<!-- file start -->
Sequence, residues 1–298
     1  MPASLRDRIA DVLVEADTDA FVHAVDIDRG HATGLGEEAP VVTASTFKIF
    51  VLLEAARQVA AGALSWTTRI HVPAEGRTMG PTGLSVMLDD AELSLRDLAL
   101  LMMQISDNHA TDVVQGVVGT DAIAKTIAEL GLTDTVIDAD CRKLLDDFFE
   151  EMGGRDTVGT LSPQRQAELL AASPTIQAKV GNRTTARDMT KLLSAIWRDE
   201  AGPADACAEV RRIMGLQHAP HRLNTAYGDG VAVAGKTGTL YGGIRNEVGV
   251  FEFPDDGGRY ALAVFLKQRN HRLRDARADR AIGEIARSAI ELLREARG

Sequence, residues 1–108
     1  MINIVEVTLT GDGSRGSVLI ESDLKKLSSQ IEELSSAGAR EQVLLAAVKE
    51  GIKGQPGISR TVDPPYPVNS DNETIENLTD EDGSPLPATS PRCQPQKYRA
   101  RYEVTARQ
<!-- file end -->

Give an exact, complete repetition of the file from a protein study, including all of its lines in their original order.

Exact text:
Sequence, residues 1–298
     1  MPASLRDRIA DVLVEADTDA FVHAVDIDRG HATGLGEEAP VVTASTFKIF
    51  VLLEAARQVA AGALSWTTRI HVPAEGRTMG PTGLSVMLDD AELSLRDLAL
   101  LMMQISDNHA TDVVQGVVGT DAIAKTIAEL GLTDTVIDAD CRKLLDDFFE
   151  EMGGRDTVGT LSPQRQAELL AASPTIQAKV GNRTTARDMT KLLSAIWRDE
   201  AGPADACAEV RRIMGLQHAP HRLNTAYGDG VAVAGKTGTL YGGIRNEVGV
   251  FEFPDDGGRY ALAVFLKQRN HRLRDARADR AIGEIARSAI ELLREARG

Sequence, residues 1–108
     1  MINIVEVTLT GDGSRGSVLI ESDLKKLSSQ IEELSSAGAR EQVLLAAVKE
    51  GIKGQPGISR TVDPPYPVNS DNETIENLTD EDGSPLPATS PRCQPQKYRA
   101  RYEVTARQ